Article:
If owned by an individual, a succession plan must be developed for the PFTC to transfer ownership interests upon the individual's passing. Alternatively, a special purpose trust, which can exist in perpetuity, can own a PFTC and thereby eliminate succession problems. The role of the special purpose trust would be limited to owning the shares of the PFTC and appointing the PFTC's directors. A U.S. professional trust company generally serves as the trustee of the special purpose trust under the oversight of a trust protector or trust enforcer. The trust protector or enforcer can be a family member, a committee of family members or a trusted advisor that can remove the trustee and appoint a new trustee. 

PFTC Governance 

The articles of organization and bylaws will be required to provide for a board of directors for the PFTC. The board of directors may be established to handle daily management and administration of the PFTC and the underlying trust assets (if desired). The PFTC governing documents can also establish different organizational committees to form an efficient governance structure within the PFTC.

For example, the PFTC can create a Distribution Committee to determine when distributions from the trust(s) to beneficiaries are appropriate while also determining the amount of such distributions, an Investment Committee to manage how the underlying assets of the trust(s) are invested and coordinate the voting of the family's shares in family business holding companies, and an Amendment Committee to determine whether any changes should be made to the composition of the other committees or to the PFTC structure.

Although the members appointed to the Amendment Committee are generally independent advisors in order to provide a degree of independence between the family and the trust assets, family members may serve on each of the above committees, provided that the tax law does not require otherwise. Apart from these governance roles, the PFTC can hire a professional trust company, as an agent, to handle back office trust administration.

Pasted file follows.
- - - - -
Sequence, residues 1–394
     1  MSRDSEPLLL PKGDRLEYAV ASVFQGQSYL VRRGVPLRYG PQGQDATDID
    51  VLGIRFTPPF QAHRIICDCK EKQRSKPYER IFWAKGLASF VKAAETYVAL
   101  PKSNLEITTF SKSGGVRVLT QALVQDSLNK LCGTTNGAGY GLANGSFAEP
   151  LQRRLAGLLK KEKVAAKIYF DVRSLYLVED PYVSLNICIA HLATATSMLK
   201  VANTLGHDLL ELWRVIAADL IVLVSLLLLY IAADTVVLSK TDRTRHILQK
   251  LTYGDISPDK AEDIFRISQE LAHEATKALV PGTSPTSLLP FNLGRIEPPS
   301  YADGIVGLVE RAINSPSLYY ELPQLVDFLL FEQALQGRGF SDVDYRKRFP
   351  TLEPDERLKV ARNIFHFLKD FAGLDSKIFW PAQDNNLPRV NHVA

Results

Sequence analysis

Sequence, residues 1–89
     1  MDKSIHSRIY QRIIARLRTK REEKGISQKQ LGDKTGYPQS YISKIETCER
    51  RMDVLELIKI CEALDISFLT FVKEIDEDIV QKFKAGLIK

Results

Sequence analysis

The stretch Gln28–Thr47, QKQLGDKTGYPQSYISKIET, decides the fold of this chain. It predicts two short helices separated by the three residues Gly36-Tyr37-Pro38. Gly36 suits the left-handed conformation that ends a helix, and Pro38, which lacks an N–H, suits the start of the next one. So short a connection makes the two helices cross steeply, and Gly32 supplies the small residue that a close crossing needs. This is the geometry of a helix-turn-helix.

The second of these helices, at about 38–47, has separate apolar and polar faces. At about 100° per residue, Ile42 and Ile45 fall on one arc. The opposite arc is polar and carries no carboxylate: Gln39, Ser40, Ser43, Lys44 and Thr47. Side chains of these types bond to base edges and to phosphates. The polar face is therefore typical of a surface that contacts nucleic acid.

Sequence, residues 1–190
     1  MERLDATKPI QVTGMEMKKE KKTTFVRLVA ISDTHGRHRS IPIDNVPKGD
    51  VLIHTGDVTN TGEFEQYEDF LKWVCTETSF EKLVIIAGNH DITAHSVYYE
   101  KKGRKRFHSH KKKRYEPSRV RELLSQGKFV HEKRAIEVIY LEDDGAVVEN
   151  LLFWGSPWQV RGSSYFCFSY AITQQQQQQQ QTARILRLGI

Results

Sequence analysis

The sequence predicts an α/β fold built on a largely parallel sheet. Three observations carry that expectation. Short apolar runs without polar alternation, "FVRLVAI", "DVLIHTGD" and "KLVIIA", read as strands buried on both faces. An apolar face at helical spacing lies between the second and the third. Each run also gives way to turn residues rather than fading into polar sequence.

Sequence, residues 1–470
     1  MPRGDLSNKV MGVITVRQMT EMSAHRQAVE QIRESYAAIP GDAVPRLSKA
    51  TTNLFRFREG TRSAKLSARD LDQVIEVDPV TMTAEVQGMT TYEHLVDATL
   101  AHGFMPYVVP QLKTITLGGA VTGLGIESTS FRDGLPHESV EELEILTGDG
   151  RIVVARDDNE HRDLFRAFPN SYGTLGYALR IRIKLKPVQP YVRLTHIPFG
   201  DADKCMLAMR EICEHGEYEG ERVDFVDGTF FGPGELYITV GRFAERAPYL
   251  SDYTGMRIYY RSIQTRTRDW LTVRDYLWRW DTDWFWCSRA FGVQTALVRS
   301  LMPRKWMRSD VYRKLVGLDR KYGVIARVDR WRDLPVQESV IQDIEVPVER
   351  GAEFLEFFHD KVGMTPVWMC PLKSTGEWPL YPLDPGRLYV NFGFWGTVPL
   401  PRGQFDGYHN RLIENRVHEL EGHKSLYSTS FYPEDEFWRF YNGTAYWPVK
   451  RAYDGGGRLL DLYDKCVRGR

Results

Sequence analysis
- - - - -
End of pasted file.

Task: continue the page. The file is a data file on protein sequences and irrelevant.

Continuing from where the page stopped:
The Family Trust should be drafted to be as flexible as possible in order to best facilitate the goals of the family. The process of decanting affords a high degree of flexibility by giving the trustee the power to transfer assets from one trust to a subsequent trust, which generally contains more desirable provisions to achieve an intended goal or purpose. Circumstances where decanting may be appealing could be when there is a family disagreement with respect to the management of a specific business or asset, or a situation where the PFTC is comfortable transferring funds to a trust for the benefit of a family member who wants to grow a new business.

The power to decant also provides family members with flexibility as to their choice of tax residency. For instance, if a beneficiary were to decide to become a U.S. person, the contemplated Family Trust may not
be the ideal structure for them to receive distributions as a beneficiary. Through the decanting process, such beneficiary's share of the Family Trust assets could be decanted to a new trust (with the PFTC as trustee)
that would make distributions more tax efficient.

A trustee's ability to decant a trust's assets to a new trust generally depends on the trustee's powers under the trust instrument and local law. U.S. jurisdictions that permit trust decanting generally allow such trust-to-trust transfer without gift tax consequences as long as the trustee has discretionary distribution powers that can be exercised in favor of the trust's beneficiaries. The Family Trust would initially be drafted to provide for the trustee's ability to decant the trust assets to another trust in the future, including one governed by the laws
of another jurisdiction.


As discussed throughout this article, establishing a foreign grantor trust and PFTC structure, while considering the implementation of other family governance mechanisms, may be a suitable strategy to accomplish the grantor's goals of family harmony and sustainable stewardship of the family's wealth for multiple generations.


Generally, non-U.S. tax residents are only subject to U.S. tax on any income effectively connected with a U.S. trade or business (ECI) and U.S.
source fixed or determinable, annual or periodical gains, profits or income, which includes certain types of passive income, such as interest, dividends, rents and royalties (FDAP).  

Originally published in Holland & Knight's China Practice Newsletter, November-December 2019.